Best irrigation practices


(Catherine Wolf) #1

I know many bonsai-ists have set up irrigation systems to water their trees. I have just set-up my own after five years of hand watering. I have more questions now that I have set one up. I used a Rain Bird System. They have many tips to provide water in different ways to plants. There are tips that create a spray, some are 180 or 360 degree sprinklers, some create a single stream or drip. There is also the matter of setting the frequency and duration. I welcome hearing what has worked for others.


(Frank Corrigan) #2

Not surprised you are asking. When i first set my system up i thought it would be simple. Not so, the set up was not difficult, the difficult part was determining what would work best for my trees. I ended up doing the following. Created separate zones for different needs. Growing developmental trees, seedling beds, mature tree benches. I also sorted and placed my trees so they were grouped by watering requirements.
This became a bit difficult as species also required differential placement due to sun and shade preference.
My system was also modified with a control system to prevent it from watering during rainy days.
For general use i find the drip stake 160 degree 3gph to be the most versatile. Larger containers or pots may have two stakes.
My normal setting is for 8 am and 2 pm, shorter intervals but twice per day.
The shortest answer is that over time you will need to adjust your system and its delivery to suit your needs.
Check your system on a regular basis to ensure the delivery is what you expect.
I tend to water manually during the rainy season and during heat waves. The system is most valuable when i travel.
Hope these hints help and point out the things to consider moving forward.


(Jonas Dupuich) #3

I agree with Frank. The best way forward is to see how it goes and improve it based on actual results. I’ve seen good systems that use soaker hose - I may try some myself this year.


(John L) #4

What are the pros and cons of drip vs spray system? And is there a system/brand that you would recommend? I’m trying to figure out how to set something up for the rare occasions I go on vacation. I don’t have anybody that would be able to come by and reliably water for me.


(Jonas Dupuich) #5

Spray is easy to set up and offers good coverage but is wasteful, and if the canopy is really full, the water can drip off the leaves and away from the soil.

Drip is more effort and prone to clogs that may affect a single tree at a time making the problem hard to detect. Depending on the setup, the water may not come out evenly and reach all corners of the pot. That said, a well-set-up drip system can work great.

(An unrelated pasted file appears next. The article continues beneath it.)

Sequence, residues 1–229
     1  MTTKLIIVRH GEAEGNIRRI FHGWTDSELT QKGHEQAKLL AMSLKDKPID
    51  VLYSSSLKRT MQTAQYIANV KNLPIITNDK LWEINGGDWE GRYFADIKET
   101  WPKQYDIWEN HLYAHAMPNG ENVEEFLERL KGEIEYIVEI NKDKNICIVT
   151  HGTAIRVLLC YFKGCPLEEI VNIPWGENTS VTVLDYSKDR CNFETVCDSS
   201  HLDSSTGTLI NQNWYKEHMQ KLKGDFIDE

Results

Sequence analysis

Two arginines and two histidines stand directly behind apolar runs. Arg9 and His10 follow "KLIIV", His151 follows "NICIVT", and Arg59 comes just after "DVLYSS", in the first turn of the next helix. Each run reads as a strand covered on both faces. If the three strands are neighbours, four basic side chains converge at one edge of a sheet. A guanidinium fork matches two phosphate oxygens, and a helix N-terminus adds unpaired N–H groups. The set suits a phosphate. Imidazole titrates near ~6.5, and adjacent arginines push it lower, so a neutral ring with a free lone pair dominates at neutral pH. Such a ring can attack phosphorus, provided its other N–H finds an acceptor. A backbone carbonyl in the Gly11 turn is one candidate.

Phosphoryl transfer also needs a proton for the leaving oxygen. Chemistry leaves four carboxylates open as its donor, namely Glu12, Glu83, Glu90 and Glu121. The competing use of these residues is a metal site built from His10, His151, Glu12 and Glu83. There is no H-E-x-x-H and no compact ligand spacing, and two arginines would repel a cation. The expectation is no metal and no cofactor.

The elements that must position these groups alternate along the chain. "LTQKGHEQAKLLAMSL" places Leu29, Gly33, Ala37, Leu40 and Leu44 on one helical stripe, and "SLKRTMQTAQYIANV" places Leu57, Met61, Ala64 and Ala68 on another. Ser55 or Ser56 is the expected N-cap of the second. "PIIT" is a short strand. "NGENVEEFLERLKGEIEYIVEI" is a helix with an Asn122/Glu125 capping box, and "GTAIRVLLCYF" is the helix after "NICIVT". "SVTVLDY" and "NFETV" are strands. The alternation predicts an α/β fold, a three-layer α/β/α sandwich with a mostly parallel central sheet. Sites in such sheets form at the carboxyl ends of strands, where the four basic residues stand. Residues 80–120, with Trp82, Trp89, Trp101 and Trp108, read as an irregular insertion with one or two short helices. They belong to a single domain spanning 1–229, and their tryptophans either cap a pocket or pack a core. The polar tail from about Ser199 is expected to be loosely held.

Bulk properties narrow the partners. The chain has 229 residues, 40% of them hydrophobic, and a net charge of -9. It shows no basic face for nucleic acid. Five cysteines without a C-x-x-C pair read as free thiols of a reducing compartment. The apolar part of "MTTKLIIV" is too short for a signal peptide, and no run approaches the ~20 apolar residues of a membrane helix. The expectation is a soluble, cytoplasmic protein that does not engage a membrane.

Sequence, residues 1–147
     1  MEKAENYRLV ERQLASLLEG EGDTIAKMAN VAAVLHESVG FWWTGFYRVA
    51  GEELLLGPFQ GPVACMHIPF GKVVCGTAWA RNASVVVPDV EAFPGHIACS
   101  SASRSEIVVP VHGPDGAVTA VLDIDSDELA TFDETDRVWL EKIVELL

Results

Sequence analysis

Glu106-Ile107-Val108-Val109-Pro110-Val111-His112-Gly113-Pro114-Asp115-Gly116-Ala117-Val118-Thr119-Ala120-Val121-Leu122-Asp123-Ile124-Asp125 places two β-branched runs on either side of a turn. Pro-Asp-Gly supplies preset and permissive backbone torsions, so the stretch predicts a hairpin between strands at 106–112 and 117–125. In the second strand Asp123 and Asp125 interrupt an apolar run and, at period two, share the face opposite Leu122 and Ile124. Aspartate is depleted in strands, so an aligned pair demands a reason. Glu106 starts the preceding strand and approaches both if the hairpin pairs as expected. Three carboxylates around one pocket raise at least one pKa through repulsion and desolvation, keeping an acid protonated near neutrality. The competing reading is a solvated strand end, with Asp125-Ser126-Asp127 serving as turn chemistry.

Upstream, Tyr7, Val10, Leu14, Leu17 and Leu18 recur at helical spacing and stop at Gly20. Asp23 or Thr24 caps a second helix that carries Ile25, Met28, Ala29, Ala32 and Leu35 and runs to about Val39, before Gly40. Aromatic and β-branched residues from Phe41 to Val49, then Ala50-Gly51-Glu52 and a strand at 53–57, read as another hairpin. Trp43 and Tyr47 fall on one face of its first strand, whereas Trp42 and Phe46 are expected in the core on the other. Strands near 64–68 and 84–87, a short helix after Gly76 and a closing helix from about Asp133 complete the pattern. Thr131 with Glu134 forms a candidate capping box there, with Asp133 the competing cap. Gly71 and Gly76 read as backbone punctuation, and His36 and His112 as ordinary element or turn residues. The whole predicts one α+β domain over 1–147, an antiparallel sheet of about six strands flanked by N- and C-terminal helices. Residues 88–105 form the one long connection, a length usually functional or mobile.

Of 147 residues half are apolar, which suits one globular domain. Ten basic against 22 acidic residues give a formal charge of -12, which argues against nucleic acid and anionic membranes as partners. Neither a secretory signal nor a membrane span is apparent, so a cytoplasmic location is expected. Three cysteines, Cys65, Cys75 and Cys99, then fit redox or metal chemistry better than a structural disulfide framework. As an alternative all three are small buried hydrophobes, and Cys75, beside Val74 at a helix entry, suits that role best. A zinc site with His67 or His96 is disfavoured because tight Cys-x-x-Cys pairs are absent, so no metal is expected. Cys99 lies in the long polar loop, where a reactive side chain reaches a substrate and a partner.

(Jack Rice) #6

I’ve been using a watering system for 9-10 years with some success…and a couple failures.

I’m using a Galcon Bluetooth Flip Open LCD Timer with both sprayers and ‘drip’ emitters for a few months now with good results. Quick to program and intuitive. I used another battery timer (Orbit from Lowes) for the past 9 years but they became very undependable. I travel a lot so I always have someone feed the cat twice each day and check on my trees. When a system fails-and it will-have a back up plan. Make sure your ‘person’ is dependable. Losing 65 trees due to an undependable person will hurt for years!

As Frank mentioned, create separate zones for different pant needs; bald cypress, several water events per day in one area or bench Vs juniper-not so much. I use at least two emitters for each tree so if one type does not work, gets clogged or a cat knocks it over, your tree is safely watered by the second emitter. I like both the 360° sprayers and the drippers as each has a place in the system. Change the battery at least every six months, not every year as instructions states. Better safe than sorry.

After setting up the system, watch each tree during the watering event to make sure it is completely watered and the system works as planned. There are always issues that pop up!

Do not change the system time cycle before a trip unless you can physically watch the watering cycle a few days before leaving the system to the programmed timer.


(Frank Corrigan) #7

The system i prefer is manufactured by “Hunter” the controller is an " X Core" . The system is wired in not battery operated. I reccomend using a pressure regulating valve for the system and adjusting it when the system is operating. Each zone has a separate micron filter and electronic control. I clean filters every four months.
I use two emitters for each area and or container as well to ensure overlap and backup.
The controller allows for multiple programs and multiple zones. Has a rain sensor to adjust program timing or shut the program off during rain events.
The controller is easy to program, adjust, and turn on and off without losing the programming.
My latest system has been trouble free for four years. I tried the battery style controllers on hoses and drip set ups for several years before giving up on them due to unreliability. It got so i felt i had to put fresh batteries in each time i went away.